2. Network formation and growth: Here, the focus is on the understanding of the for- mation of network links, the flow of information in social networks or diseases in epi- demiological studies, connectivity and segregation in different networks, etc. Models from random graph theory and statistics are helpful in this approach. (See books by Mathew Jackson [62, 63] and Sanjeev Goyal [54].)

Besides understanding the working of networks, a fundamental goal of network economics is to assist decision-making for both the system designer and the players in the system. For example, Braess’ paradox warns a network planner of the following counter-intuitive effect: adding additional links to a network can reduce the overall system utility (such as the total delays for all the drivers in a transportation network) at Nash equilibrium when each player is making an optimal self-interested decision. Observations like these and results from network economics have greatly helped policy-making and system design. (Shapiro and Varian [122] describe strategies to guide business decisions and policies in network economies such as differential pricing, utilizing network positive externalities and lock-in effects, patents and rights management, and others.)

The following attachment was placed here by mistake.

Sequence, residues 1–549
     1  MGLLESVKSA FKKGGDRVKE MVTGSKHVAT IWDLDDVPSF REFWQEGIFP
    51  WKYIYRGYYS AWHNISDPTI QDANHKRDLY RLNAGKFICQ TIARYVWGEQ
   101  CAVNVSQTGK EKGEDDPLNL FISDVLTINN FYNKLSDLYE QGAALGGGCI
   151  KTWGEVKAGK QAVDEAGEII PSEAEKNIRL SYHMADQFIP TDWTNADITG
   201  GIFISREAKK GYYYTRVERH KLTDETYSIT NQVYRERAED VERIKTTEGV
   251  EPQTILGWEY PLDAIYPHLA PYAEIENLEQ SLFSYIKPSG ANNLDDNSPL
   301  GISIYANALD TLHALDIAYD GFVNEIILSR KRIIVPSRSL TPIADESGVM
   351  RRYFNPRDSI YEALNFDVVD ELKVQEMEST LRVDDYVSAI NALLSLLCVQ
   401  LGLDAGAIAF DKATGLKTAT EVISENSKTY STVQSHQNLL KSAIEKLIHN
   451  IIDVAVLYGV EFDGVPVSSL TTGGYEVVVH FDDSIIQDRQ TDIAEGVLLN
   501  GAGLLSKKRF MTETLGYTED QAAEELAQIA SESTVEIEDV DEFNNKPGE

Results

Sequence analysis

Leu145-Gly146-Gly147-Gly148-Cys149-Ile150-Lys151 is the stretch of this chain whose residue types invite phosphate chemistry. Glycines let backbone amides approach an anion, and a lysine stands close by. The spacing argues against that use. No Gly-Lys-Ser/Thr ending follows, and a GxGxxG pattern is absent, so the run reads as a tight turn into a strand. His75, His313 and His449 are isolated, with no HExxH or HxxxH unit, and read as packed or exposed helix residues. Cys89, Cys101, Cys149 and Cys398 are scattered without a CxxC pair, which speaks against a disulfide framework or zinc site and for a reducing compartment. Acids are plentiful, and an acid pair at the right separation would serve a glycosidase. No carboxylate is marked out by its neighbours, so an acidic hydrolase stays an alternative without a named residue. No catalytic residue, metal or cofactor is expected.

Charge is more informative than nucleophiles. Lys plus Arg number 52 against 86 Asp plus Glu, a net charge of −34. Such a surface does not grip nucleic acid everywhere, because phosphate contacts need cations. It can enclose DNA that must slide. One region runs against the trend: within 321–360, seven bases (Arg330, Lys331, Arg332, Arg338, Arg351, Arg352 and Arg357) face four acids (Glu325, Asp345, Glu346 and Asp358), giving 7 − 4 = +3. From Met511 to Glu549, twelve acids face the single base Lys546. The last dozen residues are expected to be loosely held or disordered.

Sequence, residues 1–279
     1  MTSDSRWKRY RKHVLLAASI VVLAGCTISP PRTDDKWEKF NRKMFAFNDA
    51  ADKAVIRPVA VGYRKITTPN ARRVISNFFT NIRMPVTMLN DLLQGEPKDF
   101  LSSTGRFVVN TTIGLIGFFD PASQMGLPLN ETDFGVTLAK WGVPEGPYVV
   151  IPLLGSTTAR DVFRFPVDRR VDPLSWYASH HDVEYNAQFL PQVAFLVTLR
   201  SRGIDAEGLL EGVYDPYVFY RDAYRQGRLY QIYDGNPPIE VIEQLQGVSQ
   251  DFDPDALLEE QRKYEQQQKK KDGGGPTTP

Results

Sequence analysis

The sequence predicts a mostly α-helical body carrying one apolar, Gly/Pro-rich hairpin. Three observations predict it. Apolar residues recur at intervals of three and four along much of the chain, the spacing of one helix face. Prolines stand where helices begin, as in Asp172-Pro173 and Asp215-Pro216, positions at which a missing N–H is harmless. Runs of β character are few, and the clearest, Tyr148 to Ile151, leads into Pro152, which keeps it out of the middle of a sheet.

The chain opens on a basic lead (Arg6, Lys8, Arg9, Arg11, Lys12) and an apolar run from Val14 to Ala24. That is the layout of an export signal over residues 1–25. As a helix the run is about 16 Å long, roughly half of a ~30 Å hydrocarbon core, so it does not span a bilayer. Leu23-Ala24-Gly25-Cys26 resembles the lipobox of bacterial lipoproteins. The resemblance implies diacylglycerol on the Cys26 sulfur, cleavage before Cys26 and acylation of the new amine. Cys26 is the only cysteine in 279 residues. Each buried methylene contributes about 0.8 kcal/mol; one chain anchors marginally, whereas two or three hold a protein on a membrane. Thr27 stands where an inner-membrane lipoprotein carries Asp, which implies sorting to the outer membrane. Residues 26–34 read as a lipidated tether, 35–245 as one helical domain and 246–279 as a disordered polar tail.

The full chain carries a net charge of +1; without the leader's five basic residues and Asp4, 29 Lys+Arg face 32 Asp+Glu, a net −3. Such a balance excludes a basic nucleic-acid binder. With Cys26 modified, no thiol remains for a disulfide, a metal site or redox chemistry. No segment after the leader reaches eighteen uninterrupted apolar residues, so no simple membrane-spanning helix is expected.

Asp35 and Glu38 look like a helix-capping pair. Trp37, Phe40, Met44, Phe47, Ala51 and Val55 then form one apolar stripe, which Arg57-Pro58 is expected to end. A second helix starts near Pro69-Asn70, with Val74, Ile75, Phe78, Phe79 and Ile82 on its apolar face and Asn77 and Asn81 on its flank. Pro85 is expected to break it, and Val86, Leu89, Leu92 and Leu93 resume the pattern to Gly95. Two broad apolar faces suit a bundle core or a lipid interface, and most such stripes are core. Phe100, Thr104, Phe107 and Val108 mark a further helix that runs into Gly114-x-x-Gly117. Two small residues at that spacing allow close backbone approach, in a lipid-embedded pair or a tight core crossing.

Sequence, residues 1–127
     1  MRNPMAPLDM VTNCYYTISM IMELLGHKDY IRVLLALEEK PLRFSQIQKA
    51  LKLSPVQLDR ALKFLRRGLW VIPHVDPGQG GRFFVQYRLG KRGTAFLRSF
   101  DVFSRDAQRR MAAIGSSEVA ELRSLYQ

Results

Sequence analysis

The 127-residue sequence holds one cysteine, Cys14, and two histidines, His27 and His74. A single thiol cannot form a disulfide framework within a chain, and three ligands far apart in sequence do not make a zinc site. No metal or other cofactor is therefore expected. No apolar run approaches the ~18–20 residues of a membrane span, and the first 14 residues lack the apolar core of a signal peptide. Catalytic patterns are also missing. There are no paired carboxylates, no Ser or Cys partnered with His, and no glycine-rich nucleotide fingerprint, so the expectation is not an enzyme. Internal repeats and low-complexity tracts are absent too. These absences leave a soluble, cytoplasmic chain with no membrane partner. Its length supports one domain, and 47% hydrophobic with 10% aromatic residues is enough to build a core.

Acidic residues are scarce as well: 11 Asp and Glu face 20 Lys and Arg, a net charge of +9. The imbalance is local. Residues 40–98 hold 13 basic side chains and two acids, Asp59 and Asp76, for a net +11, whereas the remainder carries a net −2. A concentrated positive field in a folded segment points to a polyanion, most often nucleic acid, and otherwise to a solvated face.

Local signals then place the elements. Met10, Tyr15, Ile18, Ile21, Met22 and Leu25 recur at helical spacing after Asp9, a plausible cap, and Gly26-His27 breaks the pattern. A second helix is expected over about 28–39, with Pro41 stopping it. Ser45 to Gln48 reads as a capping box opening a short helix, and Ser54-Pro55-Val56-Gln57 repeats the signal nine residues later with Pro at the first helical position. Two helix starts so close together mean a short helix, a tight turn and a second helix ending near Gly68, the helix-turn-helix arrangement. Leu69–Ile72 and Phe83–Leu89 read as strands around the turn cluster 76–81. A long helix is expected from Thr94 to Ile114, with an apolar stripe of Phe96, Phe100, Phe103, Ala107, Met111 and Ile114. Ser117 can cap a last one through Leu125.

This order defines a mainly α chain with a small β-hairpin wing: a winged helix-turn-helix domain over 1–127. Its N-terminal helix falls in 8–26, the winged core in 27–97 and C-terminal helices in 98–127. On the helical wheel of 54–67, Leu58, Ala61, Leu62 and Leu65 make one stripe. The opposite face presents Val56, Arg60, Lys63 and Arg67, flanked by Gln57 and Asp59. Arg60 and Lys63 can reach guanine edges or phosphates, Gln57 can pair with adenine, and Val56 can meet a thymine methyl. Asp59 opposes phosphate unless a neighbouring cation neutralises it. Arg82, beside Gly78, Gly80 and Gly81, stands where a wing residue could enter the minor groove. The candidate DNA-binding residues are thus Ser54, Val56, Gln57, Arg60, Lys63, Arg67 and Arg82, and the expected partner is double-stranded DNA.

Game theory and economics offer valuable guiding principles in the design of these sys- tems. The economic models for studying these problems typically assume that the partic- ipating agents are rational and possess immense computational power (which is reasonable when the participating agents are firms or nations). However, for e-commerce platforms like social media and online marketplaces, where the participating agents are single individuals who perform several repeated short-lived interactions with the platform, it is unusual that these agents would adhere to the above behavioral assumptions. We cannot expect the human mind to make informed and well-thought decisions in such complex interconnected systems, let alone the stress it generates. Our goal here is to use sophisticated models from behavioral psychology and decision theory to model human interaction and design robust and scalable systems that would assist the users in making decisions that are in their own interests and also for those around them.